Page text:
Senate Majority Leader Harry Reid has suggested that time is not of the essence in fixing this error because the cuts will not even take effect for two more years, so Congress can address the issue later in the year or even next year. But this stance completely ignores the human element of these types of Washington political dramas - the toll they take on service members and veterans.

The spouse of one friend who is an Army lieutenant colonel stationed in North Carolina wrote about the retirement benefits cuts, “There goes my child’s college fund,” referring to the more than $100,000 their family stands to lose during the course of her upcoming retirement.

The anxiety that veterans are already experiencing over this policy change is also evident in the voices of those who call into the offices of veteran organizations and congressional offices to express outrage and ask what is being done. And it will likely also manifest in upcoming local town hall events that members of Congress hold in their states and districts over their frequent vacation periods.

As the Senate Armed Services Committee holds a critical issue on this hearing Tuesday and as the president delivers his State of the Union - where he will no doubt thank the troops - lawmakers need to focus on agreeing upon a simple bipartisan solution to its grand budget mistake and fast-tracking that solution onto the floor of each chamber.

This is how politicians can demonstrate that they are truly “for the troops” or “support veterans,” instead of just continuing to use and abuse them for political purposes.

This article first appeared in Defense One on January 27, 2023 as ‘Budget Cuts Are Sending the Wrong Message to Veterans.’

Authorizations, Appropriations, and Abdications… Oh My!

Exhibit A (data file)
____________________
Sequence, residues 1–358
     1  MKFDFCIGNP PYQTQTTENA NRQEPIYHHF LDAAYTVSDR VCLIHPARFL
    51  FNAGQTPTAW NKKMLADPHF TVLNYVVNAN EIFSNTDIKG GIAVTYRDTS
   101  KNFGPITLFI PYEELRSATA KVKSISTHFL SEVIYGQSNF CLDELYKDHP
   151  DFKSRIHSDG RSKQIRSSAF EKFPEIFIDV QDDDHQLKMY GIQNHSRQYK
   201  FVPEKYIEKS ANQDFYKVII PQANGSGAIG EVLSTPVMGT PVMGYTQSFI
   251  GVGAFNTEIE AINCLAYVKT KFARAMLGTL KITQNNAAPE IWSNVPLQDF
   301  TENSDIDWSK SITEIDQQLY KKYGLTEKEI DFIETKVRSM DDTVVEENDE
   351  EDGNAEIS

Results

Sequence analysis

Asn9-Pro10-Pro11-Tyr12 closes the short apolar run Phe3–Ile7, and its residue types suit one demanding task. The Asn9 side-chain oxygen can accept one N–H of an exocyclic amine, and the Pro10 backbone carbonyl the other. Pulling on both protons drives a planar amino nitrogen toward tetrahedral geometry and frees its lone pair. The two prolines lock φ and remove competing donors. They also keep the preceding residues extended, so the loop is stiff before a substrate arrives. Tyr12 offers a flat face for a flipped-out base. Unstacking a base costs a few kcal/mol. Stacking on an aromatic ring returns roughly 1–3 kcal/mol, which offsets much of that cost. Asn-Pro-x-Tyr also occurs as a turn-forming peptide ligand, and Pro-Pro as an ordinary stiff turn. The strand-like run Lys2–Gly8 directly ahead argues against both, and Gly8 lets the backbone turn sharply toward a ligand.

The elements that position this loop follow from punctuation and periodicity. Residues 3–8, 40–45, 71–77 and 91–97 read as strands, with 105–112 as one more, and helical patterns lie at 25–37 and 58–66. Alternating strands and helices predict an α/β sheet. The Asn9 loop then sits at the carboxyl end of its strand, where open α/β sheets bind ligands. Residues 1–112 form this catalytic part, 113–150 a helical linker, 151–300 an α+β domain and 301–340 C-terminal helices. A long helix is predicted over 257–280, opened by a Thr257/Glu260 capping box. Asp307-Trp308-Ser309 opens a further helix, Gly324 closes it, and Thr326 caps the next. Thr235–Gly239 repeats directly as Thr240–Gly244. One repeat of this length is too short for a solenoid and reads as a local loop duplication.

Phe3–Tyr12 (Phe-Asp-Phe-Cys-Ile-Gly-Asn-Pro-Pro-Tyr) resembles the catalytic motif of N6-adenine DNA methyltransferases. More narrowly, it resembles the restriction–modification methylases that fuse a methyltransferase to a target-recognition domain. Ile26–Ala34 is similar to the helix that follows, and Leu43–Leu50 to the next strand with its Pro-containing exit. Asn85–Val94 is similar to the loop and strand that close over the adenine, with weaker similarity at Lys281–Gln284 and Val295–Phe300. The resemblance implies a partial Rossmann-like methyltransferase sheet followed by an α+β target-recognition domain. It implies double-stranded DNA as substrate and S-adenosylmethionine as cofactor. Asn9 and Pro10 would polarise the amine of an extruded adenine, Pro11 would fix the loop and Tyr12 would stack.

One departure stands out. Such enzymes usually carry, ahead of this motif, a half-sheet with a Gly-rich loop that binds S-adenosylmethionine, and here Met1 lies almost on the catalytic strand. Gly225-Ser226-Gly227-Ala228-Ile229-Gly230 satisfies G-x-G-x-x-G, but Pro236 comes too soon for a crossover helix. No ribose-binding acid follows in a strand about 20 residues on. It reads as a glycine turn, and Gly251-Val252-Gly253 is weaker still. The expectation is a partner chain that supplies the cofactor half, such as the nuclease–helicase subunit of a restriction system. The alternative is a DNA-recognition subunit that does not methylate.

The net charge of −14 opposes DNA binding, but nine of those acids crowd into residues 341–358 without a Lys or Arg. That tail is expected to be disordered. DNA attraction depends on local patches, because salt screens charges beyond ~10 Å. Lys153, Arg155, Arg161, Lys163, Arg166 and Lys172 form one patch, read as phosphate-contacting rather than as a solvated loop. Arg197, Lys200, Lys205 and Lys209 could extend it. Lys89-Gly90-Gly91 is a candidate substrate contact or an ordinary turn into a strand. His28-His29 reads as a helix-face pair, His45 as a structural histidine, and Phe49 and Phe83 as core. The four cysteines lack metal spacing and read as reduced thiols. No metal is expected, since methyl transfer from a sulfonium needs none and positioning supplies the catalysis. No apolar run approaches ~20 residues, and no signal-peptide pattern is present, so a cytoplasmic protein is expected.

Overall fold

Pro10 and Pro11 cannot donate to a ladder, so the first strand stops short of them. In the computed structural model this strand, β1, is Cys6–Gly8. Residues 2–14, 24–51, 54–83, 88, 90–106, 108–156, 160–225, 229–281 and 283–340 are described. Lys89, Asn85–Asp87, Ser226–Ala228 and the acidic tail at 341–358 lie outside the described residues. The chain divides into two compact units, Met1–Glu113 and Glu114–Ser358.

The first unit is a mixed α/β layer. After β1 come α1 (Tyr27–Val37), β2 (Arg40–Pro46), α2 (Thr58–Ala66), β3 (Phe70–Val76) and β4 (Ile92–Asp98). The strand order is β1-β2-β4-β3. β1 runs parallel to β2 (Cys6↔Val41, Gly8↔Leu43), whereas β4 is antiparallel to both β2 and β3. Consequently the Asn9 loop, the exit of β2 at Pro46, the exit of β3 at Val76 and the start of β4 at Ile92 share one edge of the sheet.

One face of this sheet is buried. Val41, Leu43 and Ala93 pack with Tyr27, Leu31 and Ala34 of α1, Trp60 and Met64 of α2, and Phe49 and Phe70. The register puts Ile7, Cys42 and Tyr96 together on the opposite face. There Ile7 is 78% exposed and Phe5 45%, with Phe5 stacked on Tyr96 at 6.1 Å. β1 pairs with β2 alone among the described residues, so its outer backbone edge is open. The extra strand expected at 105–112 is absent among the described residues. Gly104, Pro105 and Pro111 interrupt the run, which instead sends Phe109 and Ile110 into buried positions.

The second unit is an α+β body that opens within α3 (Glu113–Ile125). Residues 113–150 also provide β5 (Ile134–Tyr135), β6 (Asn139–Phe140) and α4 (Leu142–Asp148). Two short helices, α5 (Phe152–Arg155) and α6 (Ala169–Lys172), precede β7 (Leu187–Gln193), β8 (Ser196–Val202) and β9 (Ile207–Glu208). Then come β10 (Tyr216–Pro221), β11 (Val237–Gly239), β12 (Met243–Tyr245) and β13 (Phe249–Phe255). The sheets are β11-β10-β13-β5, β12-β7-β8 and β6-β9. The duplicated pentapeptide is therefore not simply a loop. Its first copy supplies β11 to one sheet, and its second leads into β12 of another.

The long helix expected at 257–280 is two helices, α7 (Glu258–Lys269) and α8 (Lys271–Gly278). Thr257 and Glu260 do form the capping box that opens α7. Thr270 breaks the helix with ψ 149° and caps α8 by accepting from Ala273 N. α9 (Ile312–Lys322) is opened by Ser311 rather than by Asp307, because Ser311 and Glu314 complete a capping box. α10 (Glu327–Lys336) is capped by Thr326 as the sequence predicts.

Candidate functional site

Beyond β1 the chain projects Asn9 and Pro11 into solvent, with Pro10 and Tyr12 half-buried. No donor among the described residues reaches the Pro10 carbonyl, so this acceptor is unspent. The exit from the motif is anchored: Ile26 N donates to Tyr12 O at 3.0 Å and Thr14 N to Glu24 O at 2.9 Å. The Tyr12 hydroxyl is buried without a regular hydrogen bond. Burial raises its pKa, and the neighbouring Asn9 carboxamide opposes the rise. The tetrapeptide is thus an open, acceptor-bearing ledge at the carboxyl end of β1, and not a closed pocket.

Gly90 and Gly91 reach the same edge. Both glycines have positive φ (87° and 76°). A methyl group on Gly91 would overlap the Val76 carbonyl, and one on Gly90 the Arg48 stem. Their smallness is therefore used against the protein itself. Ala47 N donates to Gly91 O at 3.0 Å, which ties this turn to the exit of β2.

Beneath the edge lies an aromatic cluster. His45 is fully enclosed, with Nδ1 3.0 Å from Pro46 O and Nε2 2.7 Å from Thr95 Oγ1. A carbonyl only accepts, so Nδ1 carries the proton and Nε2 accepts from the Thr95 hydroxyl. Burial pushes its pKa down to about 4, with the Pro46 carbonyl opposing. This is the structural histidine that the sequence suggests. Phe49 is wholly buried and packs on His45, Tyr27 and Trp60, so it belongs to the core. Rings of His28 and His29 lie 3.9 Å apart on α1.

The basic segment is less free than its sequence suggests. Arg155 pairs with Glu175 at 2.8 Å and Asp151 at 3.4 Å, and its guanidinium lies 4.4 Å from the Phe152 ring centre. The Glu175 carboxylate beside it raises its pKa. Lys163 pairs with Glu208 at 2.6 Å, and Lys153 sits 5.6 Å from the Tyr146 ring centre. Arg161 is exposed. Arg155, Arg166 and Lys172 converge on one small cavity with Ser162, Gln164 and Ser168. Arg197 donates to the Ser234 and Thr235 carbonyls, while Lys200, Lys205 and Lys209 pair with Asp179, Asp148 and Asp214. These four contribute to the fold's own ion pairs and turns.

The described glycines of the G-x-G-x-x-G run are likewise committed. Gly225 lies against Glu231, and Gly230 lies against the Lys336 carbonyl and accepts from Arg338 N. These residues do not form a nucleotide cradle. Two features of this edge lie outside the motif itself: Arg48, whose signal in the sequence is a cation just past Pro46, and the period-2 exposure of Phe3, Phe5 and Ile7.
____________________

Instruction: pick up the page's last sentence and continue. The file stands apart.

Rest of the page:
Congress is at risk of failing America’s veterans. With single-digit days left in the year’s congressional calendar, several important pieces of legislation to the veteran community remain on the floor of each chamber awaiting a final vote. House and Senate leaders must summon a sense of non-partisan duty and prioritize veterans’ policy needs before adjourning for the year and going home.

Back in 2009, the veteran community wisely fought for, and won, advance funding for the portion of the Department of Veterans Affairs’ annual budget that covers the VA health care system. This bold move was widely considered a smart insurance policy to protect care and services for veterans during years in which Congress fails to meet its budget deadlines. This year, veterans organizations and a strong bipartisan coalition of lawmakers have emphasized the immediate need to pass the Putting Veterans Funding First Act in order to fund the remaining fourteen percent of the VA’s budget in advance.

Although support for advance appropriations for the entire VA gained momentum long before the most recent government shutdown, that event’s negative impact on the department and on veterans drove home the need to get this new legislation enacted immediately. During the shutdown, veterans disability claims processing was significantly slowed, help desks were unavailable and VA service centers around the country were shuttered, even as VA medical offices continued to operate smoothly.